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No. 1933:
An Odd Couple

by Robert Zaretsky

Today, our guest, Rob Zaretsky tell us about an odd couple. The University of Houston presents this series about the machines that make our civilization run, and the people whose ingenuity created them.

In 1766, Jean-Jacques Rousseau and David Hume became friends. They were the Enlightenment's two most daring explorers of the maze of human nature. The friendship, though, quickly fell apart. Its collapse, as Hume sadly noted, "made [a] great ... Noise all over Europe." Echoes of this "noise" still reach us today, reminding us of the fragility of reason, even when exercised by the most lucid minds.

Rousseau was his age's most celebrated writer, and most controversial. He fled Paris in 1762, yet was unable to return to his native Geneva. Both cities hounded him for his radical democratic principles and unorthodox religious beliefs. Small and frail, Rousseau finally took refuge in a Swiss mountain village, but its isolated location only increased his notoriety. Rousseau's life was no longer his own. More than his philosophy, Rousseau's fiction, which celebrated nature and its promise of transcendence, attracted countless pilgrims of the budding Romantic movement. His novels offered a spiritual exercise in which his prose and person became one. In Rousseau, the writer was, if not king, something greater: a genius.

As for the portly Hume, his friends hailed him as "Good David," yet his enemies blasted him as the "Great Infidel." They'd all read his alarming books, which shattered our deepest assumptions about the world and ourselves. They reduced cause and effect to a matter of habit; dismissed the self as a bundle of mere perceptions; and concluded that reason was the slave of the passions. From his mountain redoubt, Rousseau was celebrating passion as the reason to live. Together, these unlikely allies exposed the limits of the Enlightenment's infatuation with reason.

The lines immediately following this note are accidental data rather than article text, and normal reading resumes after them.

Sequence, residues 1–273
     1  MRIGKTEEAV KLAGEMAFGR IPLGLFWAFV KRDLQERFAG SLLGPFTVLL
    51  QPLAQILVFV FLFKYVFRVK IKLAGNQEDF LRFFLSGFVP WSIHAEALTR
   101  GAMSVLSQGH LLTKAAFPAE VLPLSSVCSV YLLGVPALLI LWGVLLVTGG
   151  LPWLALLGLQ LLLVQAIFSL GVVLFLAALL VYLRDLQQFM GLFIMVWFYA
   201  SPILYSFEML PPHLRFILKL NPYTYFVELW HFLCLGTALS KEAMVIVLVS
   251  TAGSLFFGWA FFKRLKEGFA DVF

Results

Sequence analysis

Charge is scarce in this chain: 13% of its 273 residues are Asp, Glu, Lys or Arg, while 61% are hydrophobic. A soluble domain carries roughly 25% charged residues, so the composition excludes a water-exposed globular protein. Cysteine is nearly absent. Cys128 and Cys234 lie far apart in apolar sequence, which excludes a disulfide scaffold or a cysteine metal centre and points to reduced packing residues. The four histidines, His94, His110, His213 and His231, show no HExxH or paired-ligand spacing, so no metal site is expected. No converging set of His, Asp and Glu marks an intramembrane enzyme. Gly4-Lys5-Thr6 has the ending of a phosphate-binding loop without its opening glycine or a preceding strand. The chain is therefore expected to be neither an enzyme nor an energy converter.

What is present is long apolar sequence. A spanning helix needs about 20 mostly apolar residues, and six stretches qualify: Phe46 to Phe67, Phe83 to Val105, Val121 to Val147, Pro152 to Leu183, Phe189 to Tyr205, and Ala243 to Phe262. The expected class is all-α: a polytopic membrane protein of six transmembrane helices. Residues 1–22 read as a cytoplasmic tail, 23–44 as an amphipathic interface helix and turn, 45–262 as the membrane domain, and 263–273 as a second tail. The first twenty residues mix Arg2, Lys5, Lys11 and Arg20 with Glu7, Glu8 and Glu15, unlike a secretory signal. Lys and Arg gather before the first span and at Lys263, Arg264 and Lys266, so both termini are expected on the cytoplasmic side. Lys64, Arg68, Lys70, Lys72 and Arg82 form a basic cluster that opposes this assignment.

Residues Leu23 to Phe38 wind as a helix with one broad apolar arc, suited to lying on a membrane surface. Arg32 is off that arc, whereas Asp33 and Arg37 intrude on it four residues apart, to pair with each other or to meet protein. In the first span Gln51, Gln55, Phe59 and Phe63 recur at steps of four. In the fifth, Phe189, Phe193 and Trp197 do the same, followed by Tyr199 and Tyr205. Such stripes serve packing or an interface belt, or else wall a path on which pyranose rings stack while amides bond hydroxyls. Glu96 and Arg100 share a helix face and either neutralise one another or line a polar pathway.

When Hume offered Rousseau haven in England in 1766, they had more in common then contemporaries suspected. Though they were philosophers, Rousseau and Hume distrusted philosophical certitudes; though they were citizens of the Age of Reason, both reminded us of the saving grace of unreasoning human nature. 

Ultimately, they were victims of the very passions they dissected. Rousseau, his mind increasingly undone by years of persecution, came to believe Hume was leading a conspiracy to silence him. Stunned by the mad accusation, Hume published his correspondence with Rousseau to protect his reputation. This act, ironically, was thought by some to be self-serving and unworthy. After mesmerizing all of Europe with the exchange of these impassioned letters, Hume and Rousseau never again communicated. Had they ever communicated?

When Hume learned that Rousseau was writing his autobiography, he confided his skepticism to a friend: "I believe, he wrote, "that nobody knows himself less." Perhaps. Yet Rousseau ends his autobiography at the very point he left for England. It's as if he knew himself only well enough to wish that he knew himself better. In the light of this story, how much more complex does Hume's famous injunction become: "Be a philosopher, but amidst all your philosophy, be still a man." 

I'm Rob Zaretsky, at the University of Houston, where we're interested in the way inventive minds work.

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Robert Zaretsky is professor of French history in the University of Houston Honors College, and the Department of Modern and Classical Languages.

There are no book-length studies of the friendship, but (often conflicting) accounts can be found in a number of biographies of the two men. The standard Hume biography is E. C. Mossner, The Life of David Hume (Oxford 1954, 1980); for Rousseau, see M. Cranston, The Solitary Self: Jean-Jacques Rousseau in Exile and Adversity (Chicago, 1997). See also Angela Scholar's translation of Rousseau's autobiography, The Confessions (Oxford Classics, 2000). 


Rousseau and Hume
Jean-Jacques Rousseau on the left.     David Hume on the right.